I had the Honorable John Ninfo on my podcast recently who described his “Scared Straight approach” to teaching young people about the perils of credit. He saw the consequences in the decades he served as a Bankruptcy Court judge in the state of New York. After looking at this infographic from the WSJ and the accompanying article, the overwhelming evidence is that we should be employing similar scare tactics to the topic of retirement planning because we better hope that the next generation is better prepared for taking on this responsibility:
From Kathleen Brennan from Mount Saint Mary Academy in Watchung, NJ:
“I also want to let you know that Next Gen Personal Finance really has become my go-to source. My class has just finished the lesson on savings. I love to use case studies (hear Kathleen’s tips on implementing case studies). My students had great fun with the Save Me! Case study and had interesting recommendations for Juan Carlos. I love the integration of the Excel spreadsheet into the lesson. As part of the Savings Unit, I also assigned the Savings Account Analysis as a group project. The groups handed in their work today, and at first glance, they all did a great job. My next unit is Investing— I’m looking forward to it.
I’m not sure whether I mentioned it to you before, but I love the cross-curricular aspect of the curriculum. Although my class is technically a math class, I’m really enjoying the ability to infuse writing, public speaking, marketing, technology, and other critical thinking features into the class. I also love the fact that the material is so easy to access. I must admit that I haven’t transferred my course into the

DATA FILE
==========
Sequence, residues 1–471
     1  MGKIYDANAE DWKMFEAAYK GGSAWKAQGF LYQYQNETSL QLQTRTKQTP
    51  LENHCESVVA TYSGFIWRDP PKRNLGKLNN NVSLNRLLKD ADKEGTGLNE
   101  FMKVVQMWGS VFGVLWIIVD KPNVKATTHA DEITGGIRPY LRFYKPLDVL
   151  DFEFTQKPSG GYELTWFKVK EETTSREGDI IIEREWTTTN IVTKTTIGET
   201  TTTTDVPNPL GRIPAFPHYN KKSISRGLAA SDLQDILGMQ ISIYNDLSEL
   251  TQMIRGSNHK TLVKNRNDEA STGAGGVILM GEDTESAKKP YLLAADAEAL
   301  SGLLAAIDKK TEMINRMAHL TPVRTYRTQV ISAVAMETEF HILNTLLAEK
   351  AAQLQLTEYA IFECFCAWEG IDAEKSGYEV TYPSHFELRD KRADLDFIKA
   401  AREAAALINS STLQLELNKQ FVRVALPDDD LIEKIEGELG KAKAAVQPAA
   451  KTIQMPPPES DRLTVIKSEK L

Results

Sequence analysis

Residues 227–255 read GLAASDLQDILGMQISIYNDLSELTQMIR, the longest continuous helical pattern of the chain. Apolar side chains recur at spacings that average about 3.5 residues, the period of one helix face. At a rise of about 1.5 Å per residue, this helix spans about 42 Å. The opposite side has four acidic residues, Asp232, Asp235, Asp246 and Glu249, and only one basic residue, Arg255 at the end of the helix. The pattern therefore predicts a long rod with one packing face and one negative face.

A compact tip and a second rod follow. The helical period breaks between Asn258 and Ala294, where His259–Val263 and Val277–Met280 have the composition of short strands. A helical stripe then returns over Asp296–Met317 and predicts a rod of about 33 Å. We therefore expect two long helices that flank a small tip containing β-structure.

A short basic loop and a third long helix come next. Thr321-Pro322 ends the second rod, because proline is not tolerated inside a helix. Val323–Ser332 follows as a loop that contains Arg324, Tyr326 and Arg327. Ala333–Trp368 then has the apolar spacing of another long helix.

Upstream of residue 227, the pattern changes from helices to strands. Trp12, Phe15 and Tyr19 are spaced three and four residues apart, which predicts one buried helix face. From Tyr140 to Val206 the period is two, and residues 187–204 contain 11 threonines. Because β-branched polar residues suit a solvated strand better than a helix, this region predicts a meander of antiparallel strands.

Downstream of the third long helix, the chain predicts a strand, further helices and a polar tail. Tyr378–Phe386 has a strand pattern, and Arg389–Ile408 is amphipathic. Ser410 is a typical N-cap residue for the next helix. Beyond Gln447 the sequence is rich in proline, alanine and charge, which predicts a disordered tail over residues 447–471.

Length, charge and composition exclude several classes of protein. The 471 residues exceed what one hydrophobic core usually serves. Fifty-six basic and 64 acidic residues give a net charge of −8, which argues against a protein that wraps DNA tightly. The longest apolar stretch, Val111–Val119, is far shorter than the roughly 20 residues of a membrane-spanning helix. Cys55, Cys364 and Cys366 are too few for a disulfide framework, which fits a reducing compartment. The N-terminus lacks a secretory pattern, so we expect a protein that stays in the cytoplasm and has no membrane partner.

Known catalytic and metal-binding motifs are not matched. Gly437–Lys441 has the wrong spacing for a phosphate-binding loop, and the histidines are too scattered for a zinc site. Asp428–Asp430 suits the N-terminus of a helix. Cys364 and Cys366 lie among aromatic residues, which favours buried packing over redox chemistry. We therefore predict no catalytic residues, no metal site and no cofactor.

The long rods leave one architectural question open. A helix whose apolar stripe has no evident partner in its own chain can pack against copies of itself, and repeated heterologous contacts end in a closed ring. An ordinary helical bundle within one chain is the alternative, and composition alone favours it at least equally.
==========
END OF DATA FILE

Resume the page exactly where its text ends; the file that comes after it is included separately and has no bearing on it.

Consumer Financial Protection Bureau (CFPB) out with a new report “Building Blocks to Help Youth Achieve Financial Capability.”
Skimming through it quickly to bring you the highlights. Here are their three building blocks they identify as critical to financial capability:
NGPF Podcast: Tim Talks With Brandon Jacobson, Copper Hills High School (UT) Teacher, On Why He Loves Case Studies
We received a nice email from Brandon Jacobson in mid-April discussing how much he enjoyed using our case studies in his classroom at Copper Hills High School in West Jordan, Utah. The quote in his email that that really resonated with me was “Great discussions lead to a more detailed and comprehensive learning.” In my own practice, I have seen case studies generate great classroom discussion and now there was another teacher corroborating my experience. Shortly thereafter, we were exchanging emails and Brandon kindly agreed to be on the show to share his expertise on how to effectively use case studies in a personal finance setting.
Listen to this podcast to hear Brandon answer such questions as: